Suicide rates among young girls jumped in recent years by 8 percent – the largest spike in 15 years.
Suicides for young people ages 10-24 had declined 28.5 percent between 1990 and 2003, but between 2003 and 2004, the rate increased dramatically, according to a report released Thursday by the Centers for Disease Control and Prevention.
"This is the biggest annual increase that we've seen in 15 years. We don′t yet know if this is a short-lived increase or if it′s the beginning of a trend," said Dr. Ileana Arias, director of CDC′s National Center for Injury Prevention and Control, in the report. "Either way, it′s a harsh reminder that suicide and suicide attempts are affecting too many youth and young adults. We need to make sure suicide prevention efforts are continuous and reaching children and young adults."
For girls 10-14 years old, deaths jumped by 75.9 percent, from 56 reported cases to 94. Among 15- to 19-year-old women, the number increased from 256 to 355, up 32.3 percent. For 15- to 19-year-old males, suicide deaths went up 9 percent from 1,222 to 1,345.
Suicide is the third leading cause of death for youth between the ages of 10 and 24, according to the CDC. It results in approximately 4,600 lives lost each year.
The analysis of annual data from the CDC′s National Vital Statistics System also found changes in the methods used to attempt suicide. While firearms were the most common method in 1990, hanging and suffocation were the most common methods of suicide among girls in 2004. There was a 119 percent increase in hanging/suffocation suicides among 10- to 14-year-old girls from 2003 to 2004. For males, firearms remained the most common method.
Although suicide deaths are a serious public health problem, more young people survive suicide attempts than actually die. An earlier CDC survey of youth in grades 9-12 in the United States found that 17 percent of students reported seriously considering suicide, 13 percent reported creating a plan, and 8 percent reported trying to take their own life in the 12 months preceding the survey.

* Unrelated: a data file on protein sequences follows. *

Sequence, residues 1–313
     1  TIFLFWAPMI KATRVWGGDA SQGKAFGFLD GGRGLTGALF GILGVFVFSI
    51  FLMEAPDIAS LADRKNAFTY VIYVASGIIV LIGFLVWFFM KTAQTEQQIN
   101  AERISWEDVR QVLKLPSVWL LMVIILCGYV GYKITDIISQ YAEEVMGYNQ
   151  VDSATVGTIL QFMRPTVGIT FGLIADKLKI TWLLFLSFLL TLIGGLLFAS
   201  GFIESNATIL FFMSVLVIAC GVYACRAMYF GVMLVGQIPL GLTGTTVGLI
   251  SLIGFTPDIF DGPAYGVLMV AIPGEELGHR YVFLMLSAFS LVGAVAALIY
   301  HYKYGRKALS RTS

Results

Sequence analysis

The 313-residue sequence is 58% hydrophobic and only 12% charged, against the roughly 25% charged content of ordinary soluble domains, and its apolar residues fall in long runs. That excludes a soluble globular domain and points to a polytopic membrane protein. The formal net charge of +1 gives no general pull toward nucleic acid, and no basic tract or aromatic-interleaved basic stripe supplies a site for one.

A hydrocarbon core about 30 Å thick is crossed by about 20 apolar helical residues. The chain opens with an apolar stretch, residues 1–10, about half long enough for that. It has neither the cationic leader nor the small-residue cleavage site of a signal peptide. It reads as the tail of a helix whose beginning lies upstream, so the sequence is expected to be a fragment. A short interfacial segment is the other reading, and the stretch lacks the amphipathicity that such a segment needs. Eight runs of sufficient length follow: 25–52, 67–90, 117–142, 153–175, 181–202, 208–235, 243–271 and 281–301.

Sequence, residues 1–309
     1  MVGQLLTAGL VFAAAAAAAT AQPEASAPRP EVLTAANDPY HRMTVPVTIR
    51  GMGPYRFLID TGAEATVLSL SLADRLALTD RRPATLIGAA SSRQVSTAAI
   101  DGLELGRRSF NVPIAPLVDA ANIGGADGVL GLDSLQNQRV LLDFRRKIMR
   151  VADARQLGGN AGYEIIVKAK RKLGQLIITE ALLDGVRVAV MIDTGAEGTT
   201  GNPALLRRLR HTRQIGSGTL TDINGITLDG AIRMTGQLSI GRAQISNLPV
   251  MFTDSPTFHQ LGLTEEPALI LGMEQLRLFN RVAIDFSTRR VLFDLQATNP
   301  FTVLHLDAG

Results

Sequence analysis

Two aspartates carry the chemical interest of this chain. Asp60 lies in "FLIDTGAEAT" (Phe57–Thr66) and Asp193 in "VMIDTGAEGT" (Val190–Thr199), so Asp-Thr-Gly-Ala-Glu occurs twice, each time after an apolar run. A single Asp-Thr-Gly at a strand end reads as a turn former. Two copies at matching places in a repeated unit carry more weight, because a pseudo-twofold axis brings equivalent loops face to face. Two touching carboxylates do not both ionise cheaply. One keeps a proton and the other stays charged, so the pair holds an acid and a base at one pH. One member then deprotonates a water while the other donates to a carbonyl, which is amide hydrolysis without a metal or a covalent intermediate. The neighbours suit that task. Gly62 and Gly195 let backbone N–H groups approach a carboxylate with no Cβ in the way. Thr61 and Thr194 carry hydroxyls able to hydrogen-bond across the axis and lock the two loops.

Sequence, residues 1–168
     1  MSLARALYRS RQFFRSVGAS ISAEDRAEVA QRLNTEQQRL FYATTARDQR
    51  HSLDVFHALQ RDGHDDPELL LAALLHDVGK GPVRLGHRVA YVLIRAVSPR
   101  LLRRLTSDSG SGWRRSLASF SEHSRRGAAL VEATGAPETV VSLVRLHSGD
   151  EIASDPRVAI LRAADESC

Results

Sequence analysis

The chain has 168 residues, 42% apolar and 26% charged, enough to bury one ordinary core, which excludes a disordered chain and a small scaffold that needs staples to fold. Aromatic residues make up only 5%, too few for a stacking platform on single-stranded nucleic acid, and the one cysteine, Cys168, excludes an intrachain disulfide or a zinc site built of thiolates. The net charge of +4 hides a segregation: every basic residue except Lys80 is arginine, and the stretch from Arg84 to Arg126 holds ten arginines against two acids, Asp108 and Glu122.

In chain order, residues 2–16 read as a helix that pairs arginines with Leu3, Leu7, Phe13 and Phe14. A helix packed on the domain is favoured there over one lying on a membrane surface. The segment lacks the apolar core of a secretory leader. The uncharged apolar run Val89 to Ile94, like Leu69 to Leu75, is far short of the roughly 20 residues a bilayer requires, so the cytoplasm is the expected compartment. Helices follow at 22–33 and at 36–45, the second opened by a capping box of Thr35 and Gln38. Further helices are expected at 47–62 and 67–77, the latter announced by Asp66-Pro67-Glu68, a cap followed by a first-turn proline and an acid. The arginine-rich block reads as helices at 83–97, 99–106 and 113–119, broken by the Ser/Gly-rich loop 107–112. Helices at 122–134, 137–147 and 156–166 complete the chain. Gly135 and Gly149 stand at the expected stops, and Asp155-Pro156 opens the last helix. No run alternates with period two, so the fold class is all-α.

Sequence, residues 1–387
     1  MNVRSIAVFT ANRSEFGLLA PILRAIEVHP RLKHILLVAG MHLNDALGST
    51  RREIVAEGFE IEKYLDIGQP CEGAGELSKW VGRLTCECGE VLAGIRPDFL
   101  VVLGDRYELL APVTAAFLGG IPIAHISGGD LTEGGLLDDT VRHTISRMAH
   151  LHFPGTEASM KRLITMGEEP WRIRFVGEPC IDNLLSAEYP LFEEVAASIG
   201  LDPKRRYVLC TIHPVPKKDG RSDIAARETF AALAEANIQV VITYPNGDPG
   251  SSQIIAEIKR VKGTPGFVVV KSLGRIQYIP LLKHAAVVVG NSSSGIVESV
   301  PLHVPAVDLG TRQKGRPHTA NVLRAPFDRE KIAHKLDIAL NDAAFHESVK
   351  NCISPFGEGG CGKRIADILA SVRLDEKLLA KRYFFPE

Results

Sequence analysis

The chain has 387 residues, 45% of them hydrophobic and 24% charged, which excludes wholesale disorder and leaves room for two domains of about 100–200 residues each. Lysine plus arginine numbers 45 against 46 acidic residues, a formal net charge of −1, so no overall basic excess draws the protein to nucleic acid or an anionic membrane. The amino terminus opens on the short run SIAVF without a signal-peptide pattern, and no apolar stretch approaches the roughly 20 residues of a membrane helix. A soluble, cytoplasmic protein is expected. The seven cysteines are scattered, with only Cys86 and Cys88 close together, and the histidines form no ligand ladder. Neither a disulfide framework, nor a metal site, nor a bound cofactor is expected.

"It is important for parents, health care professionals, and educators to recognize the warning signs of suicide in youth," said Dr. Keri Lubell, a behavioral scientist in CDC′s Injury Center and lead author of the study. "Parents and other caring adults should look for changes in youth such as talking about taking one′s life, feeling sad or hopeless about the future. Also look for changes in eating or sleeping habits and even losing the desire to take part in favorite activities."
The release of the report comes as experts debate over whether antidepressants increased the risk of suicide in a small percentage of young people who took them, according to The New York Times.
Antidepressants are the most prescribed drug in the United States but in 2003, studies suggested that the drugs may increase suicidal thinking and behavior in some children. In early 2005, the U.S. Food and Drug Administration (FDA) required a black box, its strongest warning label, to warn about the increased risks.
While sales of antidepressants have reportedly dropped, experts are noting how that coincides with the dramatic rise in suicides.
But you cannot conclude that the drop in prescriptions caused the increase, said Thomas Laughren of the FDA's division of psychiatry products, according to USA Today.
"Suicide is a multidimensional and complex problem," CDC's Arias said. "As much as we'd like to attribute suicide to a single source so we can fix it, unfortunately we can't do that."
"This study demands that we strengthen our efforts to help parents, schools and health care providers prevent things that increase the risk of suicide," said Arias in the report. "We need to build on the efforts dedicated to education, screening and treatment and bridge the gap between the knowledge we currently have and the action we must take."